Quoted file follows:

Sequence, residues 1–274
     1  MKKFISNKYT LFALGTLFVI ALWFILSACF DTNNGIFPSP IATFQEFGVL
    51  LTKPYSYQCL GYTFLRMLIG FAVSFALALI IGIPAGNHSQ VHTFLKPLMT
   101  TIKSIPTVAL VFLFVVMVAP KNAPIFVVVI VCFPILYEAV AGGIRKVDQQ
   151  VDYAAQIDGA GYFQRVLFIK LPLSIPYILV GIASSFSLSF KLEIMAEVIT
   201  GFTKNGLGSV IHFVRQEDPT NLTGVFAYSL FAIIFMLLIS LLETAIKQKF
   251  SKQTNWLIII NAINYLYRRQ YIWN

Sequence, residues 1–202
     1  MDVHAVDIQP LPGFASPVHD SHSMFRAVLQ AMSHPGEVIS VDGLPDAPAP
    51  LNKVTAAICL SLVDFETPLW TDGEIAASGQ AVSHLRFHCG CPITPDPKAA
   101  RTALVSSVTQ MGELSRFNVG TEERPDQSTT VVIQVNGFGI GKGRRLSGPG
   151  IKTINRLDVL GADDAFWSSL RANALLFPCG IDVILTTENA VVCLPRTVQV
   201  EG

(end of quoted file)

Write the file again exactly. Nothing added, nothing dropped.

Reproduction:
Sequence, residues 1–274
     1  MKKFISNKYT LFALGTLFVI ALWFILSACF DTNNGIFPSP IATFQEFGVL
    51  LTKPYSYQCL GYTFLRMLIG FAVSFALALI IGIPAGNHSQ VHTFLKPLMT
   101  TIKSIPTVAL VFLFVVMVAP KNAPIFVVVI VCFPILYEAV AGGIRKVDQQ
   151  VDYAAQIDGA GYFQRVLFIK LPLSIPYILV GIASSFSLSF KLEIMAEVIT
   201  GFTKNGLGSV IHFVRQEDPT NLTGVFAYSL FAIIFMLLIS LLETAIKQKF
   251  SKQTNWLIII NAINYLYRRQ YIWN

Sequence, residues 1–202
     1  MDVHAVDIQP LPGFASPVHD SHSMFRAVLQ AMSHPGEVIS VDGLPDAPAP
    51  LNKVTAAICL SLVDFETPLW TDGEIAASGQ AVSHLRFHCG CPITPDPKAA
   101  RTALVSSVTQ MGELSRFNVG TEERPDQSTT VVIQVNGFGI GKGRRLSGPG
   151  IKTINRLDVL GADDAFWSSL RANALLFPCG IDVILTTENA VVCLPRTVQV
   201  EG